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Investment structures put forward for affordable housing

Dan Purves




Investment structures that could open up the affordable housing market to institutional investors have been submitted to the federal government’s Affordable Housing Working Group by three super funds and Industry Super Australia (ISA).

Cbus and ISA favour debt financing in the form of a bond aggregator model (BAM). As an alternative, ISA has also put forward an equity financing option in the form of a “densify recycling model” (DRuM).

Meanwhile, First State Super sees a role for a new “innovative” clearinghouse and Christian Super has suggested a “path to ownership” model that attempts to address the structure of the underlying investment and social program.

In addition to these, the government received a further 73 submissions from organisations and individuals including the ACT government, the Centre for Urban Research RMIT, Impact Investing Australia, National Australia Bank and the Westpac Group.


Debt financing using a bond aggregator model (BAM)

To make a bond aggregator model feasible, ISA envisages the establishment of an affordable housing corporation (AHC) that would interface between institutional investors and housing providers, similar to the UK Housing Finance Corporation.

BAM model

Click to enlarge


The AHC would act in a similar way to a Treasury Corporation and would be responsible for:

  • Performing credit assessments of approved housing providers (community housing providers, cooperatives, private sector etc)
  • Aggregating approved credit for affordable housing providers into bond packages
  • Issuing bonds of varying maturities to institutional investors
  • Collecting repayments and paying coupons to institutional investors.


“Basically, we would have a very large-scale intermediary that issues bonds and then uses the money from the bonds to finance affordable housing providers. You would [also] need a very strong regulatory environment that sits around that. This would mean the cost of financing for affordable housing providers would come down significantly,” said Brett Chatfield, investment manager of public markets at Cbus.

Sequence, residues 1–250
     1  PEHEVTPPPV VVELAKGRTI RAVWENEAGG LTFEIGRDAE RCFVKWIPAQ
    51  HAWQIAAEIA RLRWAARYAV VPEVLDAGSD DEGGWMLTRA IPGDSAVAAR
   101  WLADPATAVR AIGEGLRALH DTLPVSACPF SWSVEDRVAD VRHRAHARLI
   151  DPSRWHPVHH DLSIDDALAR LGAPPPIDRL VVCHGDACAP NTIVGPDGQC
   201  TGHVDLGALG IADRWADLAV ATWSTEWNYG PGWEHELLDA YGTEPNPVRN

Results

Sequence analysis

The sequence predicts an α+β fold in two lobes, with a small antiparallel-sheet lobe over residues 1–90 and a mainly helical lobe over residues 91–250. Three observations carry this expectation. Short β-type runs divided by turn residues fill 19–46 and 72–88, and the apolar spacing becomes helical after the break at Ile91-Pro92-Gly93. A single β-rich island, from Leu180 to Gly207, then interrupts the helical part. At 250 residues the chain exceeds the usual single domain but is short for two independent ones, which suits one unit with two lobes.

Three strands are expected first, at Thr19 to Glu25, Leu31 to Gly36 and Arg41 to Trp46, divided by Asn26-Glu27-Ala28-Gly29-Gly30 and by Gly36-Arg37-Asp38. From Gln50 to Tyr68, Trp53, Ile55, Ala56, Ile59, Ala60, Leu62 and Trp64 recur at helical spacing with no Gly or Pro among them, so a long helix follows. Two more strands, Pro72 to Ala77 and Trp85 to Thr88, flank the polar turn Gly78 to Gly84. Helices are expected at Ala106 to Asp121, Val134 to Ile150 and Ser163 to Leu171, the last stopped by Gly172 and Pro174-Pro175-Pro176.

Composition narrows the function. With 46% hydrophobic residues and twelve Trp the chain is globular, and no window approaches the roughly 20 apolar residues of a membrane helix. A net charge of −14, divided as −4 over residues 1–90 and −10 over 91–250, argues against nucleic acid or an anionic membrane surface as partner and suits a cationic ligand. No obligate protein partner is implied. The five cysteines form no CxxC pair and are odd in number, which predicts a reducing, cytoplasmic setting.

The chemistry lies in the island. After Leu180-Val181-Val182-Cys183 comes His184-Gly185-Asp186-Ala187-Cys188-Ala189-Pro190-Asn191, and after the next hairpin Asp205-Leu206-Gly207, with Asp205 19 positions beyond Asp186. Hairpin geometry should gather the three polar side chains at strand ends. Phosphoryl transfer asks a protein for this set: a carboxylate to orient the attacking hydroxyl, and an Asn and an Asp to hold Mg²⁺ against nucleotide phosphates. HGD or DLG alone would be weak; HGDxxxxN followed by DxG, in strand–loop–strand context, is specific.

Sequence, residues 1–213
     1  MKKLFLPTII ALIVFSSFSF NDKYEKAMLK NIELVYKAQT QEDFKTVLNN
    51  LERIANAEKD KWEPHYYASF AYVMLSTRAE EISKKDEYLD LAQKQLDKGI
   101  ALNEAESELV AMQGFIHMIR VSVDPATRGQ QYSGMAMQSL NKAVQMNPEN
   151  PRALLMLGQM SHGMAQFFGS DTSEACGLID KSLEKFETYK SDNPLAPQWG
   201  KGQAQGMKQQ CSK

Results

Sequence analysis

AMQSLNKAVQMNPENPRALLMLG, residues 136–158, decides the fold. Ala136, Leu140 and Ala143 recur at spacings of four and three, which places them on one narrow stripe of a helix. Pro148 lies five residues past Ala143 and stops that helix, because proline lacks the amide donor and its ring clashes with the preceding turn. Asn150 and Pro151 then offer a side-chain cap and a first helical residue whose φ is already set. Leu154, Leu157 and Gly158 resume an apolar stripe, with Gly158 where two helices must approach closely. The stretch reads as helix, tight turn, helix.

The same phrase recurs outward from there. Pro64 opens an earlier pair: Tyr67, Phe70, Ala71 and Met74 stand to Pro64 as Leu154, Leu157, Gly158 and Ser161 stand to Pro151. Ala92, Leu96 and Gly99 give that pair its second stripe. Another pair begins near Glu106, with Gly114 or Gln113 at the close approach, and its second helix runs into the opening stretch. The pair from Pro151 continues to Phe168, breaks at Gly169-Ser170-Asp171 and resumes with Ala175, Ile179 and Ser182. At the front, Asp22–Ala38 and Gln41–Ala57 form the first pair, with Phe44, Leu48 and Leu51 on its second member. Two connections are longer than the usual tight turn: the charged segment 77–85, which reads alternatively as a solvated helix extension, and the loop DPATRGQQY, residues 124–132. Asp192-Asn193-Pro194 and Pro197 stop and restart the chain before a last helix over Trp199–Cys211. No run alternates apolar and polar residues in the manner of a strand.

In Australia, most housing associations have bank financing at three to five years and as a result are constantly refinancing, which can make pricing unattractive.

Chatfield said Cbus has been examining affordable housing from a debt financing perspective. In its thinking, there should be a role for long-term debt in affordable housing, where the super fund has the ability to take a long-term view compared to the banks but also earn an appropriate return.

He added the economics become a lot better for the overall structure if longer term and lower cost financing can be delivered to the providers.

“[However], one of the key issues for institutional investors in this space is that you need to move from a non-commercial to a commercial return. This [bond aggregator model] is one mechanism, but it needs to be supported by some degree of government support and also potential land grants, from state governments through to the housing associations.”

Echoing this in its submission, ISA said to alleviate institutional investor concerns regarding the underlying counterparty risk and the return premium that would be attached to this, the government would need to provide some degree of support to this structure.

Chatfield added to this, saying Cbus’ submission had left the form of support reasonably open because, depending on its nature, it would have different impacts on the government’s balance sheet.

“It certainly makes sense to have some degree of government support, at least in the initial stages as you build up scale and credibility of the market,” he said.

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    A new clearinghouse

    Through this process, Cbus has been working with First State Super, who also has an interest in this space and favours bonds.

    First State Super in its submission (which was put together with policy think tank Per Capita and the Financial Services Knowledge Hub) argues while housing loans and bond aggregators rely on government funding subsidies or guarantees, its proposed model leverages existing state and territory government land to fund the construction of new affordable and social housing dwellings.